How Much Exercise Do Dogs Need?

Providing your dog with proper exercise is a crucial part of being a responsible pet owner. However, it can be confusing to know if your dog is getting enough exercise and what exactly constitutes a healthy amount of exercise for dogs.

Many dog ​​owners assume that a short daily walk is enough to keep their dogs healthy. In reality, the amount depends on a series of factors.

The following article will give you a better understanding of how much exercise dogs need in general, as well as the main factors that affect each dog’s exercise needs. You will also find some practical tips to keep your dog fit and healthy.

How much exercise is ideal for dogs?

As a general rule, most companion dogs need 30-60 minutes of exercise per day. However, the amount of exercise each dog needs depends on a number of factors. That’s why it’s important to make sure your dog gets enough exercise for his specific needs.

So what factors come into play when it comes to the ideal amount of exercise for your dog? The ASPCA states that individual exercise needs vary based on factors such as health, race (or mix of races), and age.


Overweight Golden Retriever resting on a patch of grass after exercise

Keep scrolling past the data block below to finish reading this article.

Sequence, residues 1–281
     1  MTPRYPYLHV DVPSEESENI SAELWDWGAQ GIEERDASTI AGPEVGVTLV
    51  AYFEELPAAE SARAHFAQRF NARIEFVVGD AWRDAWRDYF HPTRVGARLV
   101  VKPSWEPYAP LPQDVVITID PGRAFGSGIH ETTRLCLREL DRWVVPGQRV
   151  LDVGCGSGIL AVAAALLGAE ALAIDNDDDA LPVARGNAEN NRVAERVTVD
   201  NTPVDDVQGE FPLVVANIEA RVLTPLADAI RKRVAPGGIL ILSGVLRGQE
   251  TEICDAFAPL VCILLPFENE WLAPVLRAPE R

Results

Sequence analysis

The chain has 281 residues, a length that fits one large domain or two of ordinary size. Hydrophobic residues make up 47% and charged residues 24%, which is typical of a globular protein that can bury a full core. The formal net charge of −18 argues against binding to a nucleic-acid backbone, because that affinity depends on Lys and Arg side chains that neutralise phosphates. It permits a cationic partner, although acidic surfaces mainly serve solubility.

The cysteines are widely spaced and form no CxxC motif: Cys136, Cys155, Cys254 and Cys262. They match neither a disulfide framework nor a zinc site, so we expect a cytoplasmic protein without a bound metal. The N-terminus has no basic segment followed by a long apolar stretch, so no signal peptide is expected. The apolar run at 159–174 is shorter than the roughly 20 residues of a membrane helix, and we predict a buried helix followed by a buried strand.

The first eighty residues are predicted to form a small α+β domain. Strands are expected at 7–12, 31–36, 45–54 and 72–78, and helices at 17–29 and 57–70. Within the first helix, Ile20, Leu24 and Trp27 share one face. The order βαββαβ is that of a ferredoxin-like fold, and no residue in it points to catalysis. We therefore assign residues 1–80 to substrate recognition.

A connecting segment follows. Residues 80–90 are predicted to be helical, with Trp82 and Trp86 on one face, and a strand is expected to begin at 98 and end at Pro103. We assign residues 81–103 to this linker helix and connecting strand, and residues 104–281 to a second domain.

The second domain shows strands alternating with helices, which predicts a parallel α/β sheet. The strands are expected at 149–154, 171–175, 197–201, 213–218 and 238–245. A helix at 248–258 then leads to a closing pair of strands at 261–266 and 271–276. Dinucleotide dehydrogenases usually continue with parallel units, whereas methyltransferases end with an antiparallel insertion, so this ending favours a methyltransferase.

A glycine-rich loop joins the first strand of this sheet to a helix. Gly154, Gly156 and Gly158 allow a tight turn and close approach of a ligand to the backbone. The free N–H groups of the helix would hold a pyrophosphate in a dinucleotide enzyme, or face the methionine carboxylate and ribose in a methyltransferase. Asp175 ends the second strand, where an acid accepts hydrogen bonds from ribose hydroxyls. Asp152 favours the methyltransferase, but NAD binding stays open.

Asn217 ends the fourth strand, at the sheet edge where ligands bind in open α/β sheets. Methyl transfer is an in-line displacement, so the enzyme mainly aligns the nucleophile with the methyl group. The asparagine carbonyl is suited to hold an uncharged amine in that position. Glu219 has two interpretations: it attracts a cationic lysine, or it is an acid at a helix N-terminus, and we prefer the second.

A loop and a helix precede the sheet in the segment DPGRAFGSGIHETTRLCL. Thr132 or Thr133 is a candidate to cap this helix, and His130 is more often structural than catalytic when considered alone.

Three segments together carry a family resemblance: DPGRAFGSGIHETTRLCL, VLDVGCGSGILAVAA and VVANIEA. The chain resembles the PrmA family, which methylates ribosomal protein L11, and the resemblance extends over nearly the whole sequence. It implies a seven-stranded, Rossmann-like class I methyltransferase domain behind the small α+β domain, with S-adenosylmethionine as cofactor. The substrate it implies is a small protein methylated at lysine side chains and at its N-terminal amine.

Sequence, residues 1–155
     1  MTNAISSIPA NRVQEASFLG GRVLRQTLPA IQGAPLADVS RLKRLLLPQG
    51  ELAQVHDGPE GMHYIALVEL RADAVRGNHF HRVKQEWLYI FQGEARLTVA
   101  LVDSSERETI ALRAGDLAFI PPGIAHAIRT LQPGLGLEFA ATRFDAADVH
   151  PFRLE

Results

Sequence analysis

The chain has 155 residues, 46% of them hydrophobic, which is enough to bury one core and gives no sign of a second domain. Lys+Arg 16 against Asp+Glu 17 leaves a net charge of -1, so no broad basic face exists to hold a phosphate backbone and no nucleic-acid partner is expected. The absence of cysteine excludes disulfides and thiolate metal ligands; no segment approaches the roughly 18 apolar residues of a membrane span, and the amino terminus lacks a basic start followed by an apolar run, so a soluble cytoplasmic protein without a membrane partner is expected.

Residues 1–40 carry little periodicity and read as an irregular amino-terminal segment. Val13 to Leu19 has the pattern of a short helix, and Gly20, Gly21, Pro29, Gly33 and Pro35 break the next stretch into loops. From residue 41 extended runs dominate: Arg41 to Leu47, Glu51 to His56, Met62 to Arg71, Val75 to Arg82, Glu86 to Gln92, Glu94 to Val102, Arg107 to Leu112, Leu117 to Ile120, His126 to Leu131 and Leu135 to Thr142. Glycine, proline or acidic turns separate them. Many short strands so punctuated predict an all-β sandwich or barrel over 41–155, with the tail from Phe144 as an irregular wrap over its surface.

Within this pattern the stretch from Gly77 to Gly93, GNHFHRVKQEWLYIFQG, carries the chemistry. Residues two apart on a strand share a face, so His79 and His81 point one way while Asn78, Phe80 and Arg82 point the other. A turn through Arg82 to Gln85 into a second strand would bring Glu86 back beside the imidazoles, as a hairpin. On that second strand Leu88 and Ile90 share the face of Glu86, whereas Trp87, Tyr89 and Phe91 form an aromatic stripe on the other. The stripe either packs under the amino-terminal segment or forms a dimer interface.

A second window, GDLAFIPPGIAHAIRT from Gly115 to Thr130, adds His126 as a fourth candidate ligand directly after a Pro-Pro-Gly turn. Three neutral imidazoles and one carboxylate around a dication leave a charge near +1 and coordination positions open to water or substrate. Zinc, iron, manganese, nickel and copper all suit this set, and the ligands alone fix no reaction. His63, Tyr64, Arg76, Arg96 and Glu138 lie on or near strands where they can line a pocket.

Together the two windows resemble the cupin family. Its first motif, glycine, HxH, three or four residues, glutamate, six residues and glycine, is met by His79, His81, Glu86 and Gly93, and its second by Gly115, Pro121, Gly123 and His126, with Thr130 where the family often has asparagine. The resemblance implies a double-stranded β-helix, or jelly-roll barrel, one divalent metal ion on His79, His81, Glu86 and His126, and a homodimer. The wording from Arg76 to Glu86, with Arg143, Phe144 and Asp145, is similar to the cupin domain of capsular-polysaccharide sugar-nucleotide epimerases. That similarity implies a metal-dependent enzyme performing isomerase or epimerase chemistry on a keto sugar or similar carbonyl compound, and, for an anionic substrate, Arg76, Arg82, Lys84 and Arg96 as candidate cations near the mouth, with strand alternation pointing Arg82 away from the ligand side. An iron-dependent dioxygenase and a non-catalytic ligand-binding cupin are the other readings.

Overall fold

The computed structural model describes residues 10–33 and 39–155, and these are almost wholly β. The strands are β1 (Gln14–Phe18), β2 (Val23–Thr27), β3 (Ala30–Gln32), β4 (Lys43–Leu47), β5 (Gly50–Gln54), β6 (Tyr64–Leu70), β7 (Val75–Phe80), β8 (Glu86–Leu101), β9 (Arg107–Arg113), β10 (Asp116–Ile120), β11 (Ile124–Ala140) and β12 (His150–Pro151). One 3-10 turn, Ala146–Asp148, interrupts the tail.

Photo courtesy: Public domain from Pixabay

One of the biggest factors that affects the amount of exercise a dog needs is their health. Healthy dogs can generally handle the most exercise, all else being equal, but specific health conditions affect exercise needs in different ways.

For example, dogs with arthritis still need exercise, but the type of exercise they receive often needs to be changed to keep them comfortable. Dogs recovering from illness or injury generally need to rest, but not be completely sedentary. On the other hand, overweight and obese dogs will likely benefit from higher levels of exercise, as this can be a key part of healthy weight loss. Speak to your veterinarian before beginning an exercise plan if you have any questions about your dog’s health.


Puppy running in the grass

Photo courtesy: Public domain from Pixabay

A dog’s age will also affect the amount of exercise he needs. Let’s start with the puppies. Although puppies are balls of energy, they generally need less formal exercise than adult dogs. All their play and exploration will usually do the trick. In fact, too much forced exercise can even damage their developing joints. A good rule of thumb is to start with short, leisurely walks on a leash when they are about 8 weeks old and gradually increase your length and speed as they get older. Wait to jog or go on long rigorous hikes until their musculoskeletal system is mature. This usually occurs around 8 to 12 months of age for small to medium dogs, but can be as late as 24 months for very large dogs.

Senior dogs also don’t need as much exercise as adult dogs that are in their prime. About 30 minutes of exercise is usually sufficient for most older dogs, although this may not be true for a very fit and healthy senior canine. If you’re worried about training your senior dog for too long, consider breaking up the sessions into smaller chunks. For example, instead of one long walk a day, try two shorter walks.


closeup of a happy maltese dog on a walk wearing a harness

Photo courtesy: Public domain from Pixabay